3. First, I want to thank Justice Rucker for his many years of public service, not just at the appellate court level for over 25 years, but also when he served the people of Lake County as a Deputy Prosecutor, City Attorney for Gary, IN, and in private practice in a smaller, highly diverse community with a history of serious economic challenges, ethnic tensions, and recently publicized but apparently long-standing environmental health risks to some of its poorest residents. Congratulations for having the dedication & courage to practice law in areas many in our state might have considered too dangerous or too poor at different points in time. It was also courageous to step into a prominent and highly visible position of public service & respect in the early 1990's, remaining in a position that left you open to state-wide public scrutiny (without any glitches) for over 25 years. Yes, Hoosiers of all backgrounds can take pride in your many years of public service. But people of color who watched your ascent to the highest levels of state government no doubt felt even more as you transcended some real & perhaps some perceived social, economic, academic and professional barriers. You were living proof that, with hard work, dedication & a spirit of public service, a person who shared their same skin tone or came from the same county they grew up in could achieve great success. At the same time, perhaps unknowingly, you helped fellow members of the judiciary, court staff, litigants and the public better understand that differences that are only skin-deep neither define nor limit a person's character, abilities or prospects in life. You also helped others appreciate that people of different races & backgrounds can live and work together peacefully & productively for the greater good of all. Those are truths that didn't have to be written down in court opinions. Anyone paying attention could see that truth lived out every day you devoted to public service. I believe you have been a "trailblazer" in Indiana's legal community and its judiciary. I also embrace your belief that society's needs can be better served when people in positions of governmental power reflect the many complexions of the population that they serve. Whether through greater understanding across the existing racial spectrum or through the removal of some real and some perceived color-based, hope-crushing barriers to life opportunities & success, movement toward a more reflective representation of the population being governed will lead to greater and uninterrupted respect for laws designed to protect all peoples' rights to life, liberty & the pursuit of happiness. Thanks again for a job well-done & for the inevitable positive impact your service has had - and will continue to have - on countless Hoosiers of all backgrounds & colors.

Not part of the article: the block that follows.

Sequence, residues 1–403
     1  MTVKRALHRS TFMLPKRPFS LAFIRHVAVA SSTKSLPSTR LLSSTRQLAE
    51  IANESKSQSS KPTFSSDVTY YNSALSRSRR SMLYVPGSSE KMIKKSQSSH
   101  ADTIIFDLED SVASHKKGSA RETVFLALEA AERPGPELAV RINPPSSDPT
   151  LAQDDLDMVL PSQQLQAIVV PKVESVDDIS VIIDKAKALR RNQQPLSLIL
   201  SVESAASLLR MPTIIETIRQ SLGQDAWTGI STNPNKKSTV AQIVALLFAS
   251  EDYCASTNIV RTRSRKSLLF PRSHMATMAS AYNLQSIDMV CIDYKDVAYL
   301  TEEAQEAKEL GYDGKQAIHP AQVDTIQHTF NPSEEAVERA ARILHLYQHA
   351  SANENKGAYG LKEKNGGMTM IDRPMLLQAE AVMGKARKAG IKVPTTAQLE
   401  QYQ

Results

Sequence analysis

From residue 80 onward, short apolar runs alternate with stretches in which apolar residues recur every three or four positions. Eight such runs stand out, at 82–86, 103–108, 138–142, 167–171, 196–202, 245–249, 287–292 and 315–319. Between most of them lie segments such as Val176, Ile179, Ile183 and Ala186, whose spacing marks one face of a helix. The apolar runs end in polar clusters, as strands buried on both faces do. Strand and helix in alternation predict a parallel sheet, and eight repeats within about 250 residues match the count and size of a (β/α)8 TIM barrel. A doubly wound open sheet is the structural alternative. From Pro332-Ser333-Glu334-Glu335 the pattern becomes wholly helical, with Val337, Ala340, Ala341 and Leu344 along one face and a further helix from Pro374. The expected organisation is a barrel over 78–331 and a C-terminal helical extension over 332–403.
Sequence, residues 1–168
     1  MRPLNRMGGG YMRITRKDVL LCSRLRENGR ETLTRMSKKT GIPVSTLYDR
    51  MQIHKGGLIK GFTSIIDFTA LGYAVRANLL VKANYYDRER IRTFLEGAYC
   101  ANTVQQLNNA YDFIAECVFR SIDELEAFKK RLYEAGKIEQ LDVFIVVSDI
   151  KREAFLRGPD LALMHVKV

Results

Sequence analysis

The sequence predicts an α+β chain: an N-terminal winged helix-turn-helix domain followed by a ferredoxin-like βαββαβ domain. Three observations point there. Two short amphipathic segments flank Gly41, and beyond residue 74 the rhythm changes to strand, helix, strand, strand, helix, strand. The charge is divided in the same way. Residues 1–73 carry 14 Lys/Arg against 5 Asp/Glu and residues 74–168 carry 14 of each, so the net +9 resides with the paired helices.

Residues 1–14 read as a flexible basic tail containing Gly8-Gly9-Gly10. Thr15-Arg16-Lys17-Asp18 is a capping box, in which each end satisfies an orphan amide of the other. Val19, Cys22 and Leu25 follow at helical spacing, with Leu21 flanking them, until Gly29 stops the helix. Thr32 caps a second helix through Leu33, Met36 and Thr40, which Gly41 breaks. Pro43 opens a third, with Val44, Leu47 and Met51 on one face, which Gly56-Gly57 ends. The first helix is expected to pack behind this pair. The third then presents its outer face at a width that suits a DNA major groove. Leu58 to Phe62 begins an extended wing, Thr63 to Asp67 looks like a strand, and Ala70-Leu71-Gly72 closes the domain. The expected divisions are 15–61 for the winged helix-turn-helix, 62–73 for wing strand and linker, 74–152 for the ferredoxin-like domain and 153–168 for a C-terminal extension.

4. Diversity is important, but with some limitations. For instance, diversity of experience is a great thing that can be very helpful in certain jobs or roles. Diversity of skin color is never important, ever, under any circumstance. To think that skin color changes one single thing about a person is patently racist and offensive. Likewise, diversity of values is useless. Some values are better than others. In the case of a supreme court justice, I actually think diversity is unimportant. The justices are not to impose their own beliefs on rulings, but need to apply the law to the facts in an objective manner.

  5. Have been seeing this wonderful physician for a few years and was one of his patients who told him about what we were being told at CVS. Multiple ones. This was a witch hunt and they shold be ashamed of how patients were treated. Most of all, CVS should be ashamed for what they put this physician through. So thankful he fought back. His office is no "pill mill'. He does drug testing multiple times a year and sees patients a minimum of four times a year.